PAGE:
Beth Moore

A Peek, a Pit, a Prisoner and Me

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Random Thoughts from Finding Joseph

Have you ever considered what Joseph may have been thinking while he was being led down to Egypt?

Surely he was dealing with intense emotions and tumultuous feelings. To think that his family, his kin, could betray him so utterly…

Perhaps, for the first few steps, he might have held a secret hope that they would come to their senses and get him.

Maybe a few miles after that, he may have figured that his parents would be missing him and send out a search team to rescue him.

Possibly, beyond the miles of lost hope, he sobered, accepting his lot. Mayhap, he even started to wonder to himself how a peek could have led to a pit and a position as a prisoner.

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A peek. A pit. A prisoner. What do any of these have to do with me (or you for that matter)? How does this aspect of Joseph’s story relate to me and how does it help in terms of my finding Joseph?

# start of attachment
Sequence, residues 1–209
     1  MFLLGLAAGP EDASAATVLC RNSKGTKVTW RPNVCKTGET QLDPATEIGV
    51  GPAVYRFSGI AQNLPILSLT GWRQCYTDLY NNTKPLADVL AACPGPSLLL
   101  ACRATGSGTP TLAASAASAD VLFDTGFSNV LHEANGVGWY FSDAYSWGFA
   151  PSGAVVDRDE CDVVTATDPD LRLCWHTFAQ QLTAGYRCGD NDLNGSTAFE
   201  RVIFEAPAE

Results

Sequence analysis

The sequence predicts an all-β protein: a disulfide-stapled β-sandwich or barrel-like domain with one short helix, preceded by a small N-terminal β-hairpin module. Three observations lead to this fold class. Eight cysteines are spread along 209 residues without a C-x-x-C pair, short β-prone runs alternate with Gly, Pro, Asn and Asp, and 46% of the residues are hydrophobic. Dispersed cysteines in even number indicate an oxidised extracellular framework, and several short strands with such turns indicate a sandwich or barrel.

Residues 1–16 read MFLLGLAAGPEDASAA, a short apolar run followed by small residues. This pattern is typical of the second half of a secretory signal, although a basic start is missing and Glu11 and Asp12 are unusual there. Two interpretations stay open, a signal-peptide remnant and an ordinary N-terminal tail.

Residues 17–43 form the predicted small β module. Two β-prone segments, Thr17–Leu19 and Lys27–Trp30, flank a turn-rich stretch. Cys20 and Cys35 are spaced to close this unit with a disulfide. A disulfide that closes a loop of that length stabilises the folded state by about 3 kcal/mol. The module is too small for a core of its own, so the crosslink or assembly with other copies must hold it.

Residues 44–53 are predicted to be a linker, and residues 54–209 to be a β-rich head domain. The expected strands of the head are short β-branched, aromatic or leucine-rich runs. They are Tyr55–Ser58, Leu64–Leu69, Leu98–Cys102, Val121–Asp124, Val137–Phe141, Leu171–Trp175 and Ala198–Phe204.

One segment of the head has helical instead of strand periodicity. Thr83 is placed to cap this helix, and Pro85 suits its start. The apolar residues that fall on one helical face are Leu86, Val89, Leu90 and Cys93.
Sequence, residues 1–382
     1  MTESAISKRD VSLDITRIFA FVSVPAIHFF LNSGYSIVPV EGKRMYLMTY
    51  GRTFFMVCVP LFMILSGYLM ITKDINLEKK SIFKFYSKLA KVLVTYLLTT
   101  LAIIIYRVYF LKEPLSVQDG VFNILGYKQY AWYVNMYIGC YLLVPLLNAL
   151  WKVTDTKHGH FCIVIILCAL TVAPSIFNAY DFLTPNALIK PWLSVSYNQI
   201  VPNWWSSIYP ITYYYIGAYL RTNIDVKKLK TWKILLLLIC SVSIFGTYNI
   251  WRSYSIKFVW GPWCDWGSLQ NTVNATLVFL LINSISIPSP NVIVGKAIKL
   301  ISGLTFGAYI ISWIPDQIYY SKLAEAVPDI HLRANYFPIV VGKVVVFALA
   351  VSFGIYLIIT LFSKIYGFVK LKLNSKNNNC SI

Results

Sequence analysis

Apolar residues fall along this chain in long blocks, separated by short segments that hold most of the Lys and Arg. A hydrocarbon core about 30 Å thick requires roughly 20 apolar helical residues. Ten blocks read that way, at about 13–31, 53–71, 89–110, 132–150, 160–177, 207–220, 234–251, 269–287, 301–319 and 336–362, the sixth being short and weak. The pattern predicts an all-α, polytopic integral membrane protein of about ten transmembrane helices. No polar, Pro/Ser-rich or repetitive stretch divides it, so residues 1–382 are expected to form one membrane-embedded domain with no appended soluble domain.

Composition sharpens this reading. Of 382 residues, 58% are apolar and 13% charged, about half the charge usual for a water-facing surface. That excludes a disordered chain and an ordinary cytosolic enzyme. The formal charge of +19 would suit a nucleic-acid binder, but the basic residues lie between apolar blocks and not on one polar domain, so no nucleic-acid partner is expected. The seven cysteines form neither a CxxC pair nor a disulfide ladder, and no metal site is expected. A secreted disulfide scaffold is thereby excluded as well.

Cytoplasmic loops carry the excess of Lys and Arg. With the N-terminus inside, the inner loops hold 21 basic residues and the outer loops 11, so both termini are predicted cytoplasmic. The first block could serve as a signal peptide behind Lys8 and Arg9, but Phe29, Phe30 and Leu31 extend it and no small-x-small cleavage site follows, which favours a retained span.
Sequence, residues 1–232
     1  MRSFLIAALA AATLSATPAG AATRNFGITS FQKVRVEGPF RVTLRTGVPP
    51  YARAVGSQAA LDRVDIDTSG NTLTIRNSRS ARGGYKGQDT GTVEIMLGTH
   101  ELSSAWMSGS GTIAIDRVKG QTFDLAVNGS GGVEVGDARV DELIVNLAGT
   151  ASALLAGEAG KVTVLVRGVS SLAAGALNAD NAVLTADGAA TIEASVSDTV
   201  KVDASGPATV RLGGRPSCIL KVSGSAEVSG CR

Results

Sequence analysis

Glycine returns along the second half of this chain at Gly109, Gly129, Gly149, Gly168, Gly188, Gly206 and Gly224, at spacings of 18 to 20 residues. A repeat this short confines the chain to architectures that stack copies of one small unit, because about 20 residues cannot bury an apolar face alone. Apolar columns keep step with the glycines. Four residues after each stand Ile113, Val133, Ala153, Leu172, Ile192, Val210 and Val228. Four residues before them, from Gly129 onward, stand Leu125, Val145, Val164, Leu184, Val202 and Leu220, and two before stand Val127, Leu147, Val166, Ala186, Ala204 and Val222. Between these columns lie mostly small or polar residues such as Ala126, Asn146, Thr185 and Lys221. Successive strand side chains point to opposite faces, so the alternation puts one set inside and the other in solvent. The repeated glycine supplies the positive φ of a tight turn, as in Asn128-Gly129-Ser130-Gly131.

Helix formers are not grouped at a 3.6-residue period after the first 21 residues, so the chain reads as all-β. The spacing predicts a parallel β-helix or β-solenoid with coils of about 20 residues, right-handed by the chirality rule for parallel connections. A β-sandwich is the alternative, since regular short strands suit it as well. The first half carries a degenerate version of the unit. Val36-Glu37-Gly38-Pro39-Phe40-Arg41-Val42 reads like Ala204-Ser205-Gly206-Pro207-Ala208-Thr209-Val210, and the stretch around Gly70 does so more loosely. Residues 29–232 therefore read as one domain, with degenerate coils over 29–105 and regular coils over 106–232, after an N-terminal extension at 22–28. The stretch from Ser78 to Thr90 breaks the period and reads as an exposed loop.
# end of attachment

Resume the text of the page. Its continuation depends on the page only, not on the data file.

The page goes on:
The play of events, on one level, is pretty straight forward. Joseph is instructed to go and see what his brothers are up to. He does so. He is soon captured. He is humiliatingly stripped. He is put into a pit, with no way out. Finally, he is sold and carried to a strange land, being taken away from everything he knows.

But, on another level, what can be seen is something quite remarkable. What can be seen is a figurative lesson on sin and the course that it can take in one’s own life, as well as a lesson on how surrendering to God can lead to liberation.

Now in no way am I implying or communicating that Joseph sinned. No, quite the contrary. Joseph was victimized in the worst possible way. He was betrayed and given over into slavery. He was given over into a cruel situation that could very well have broken him, changing him forever. But God. He had a plan.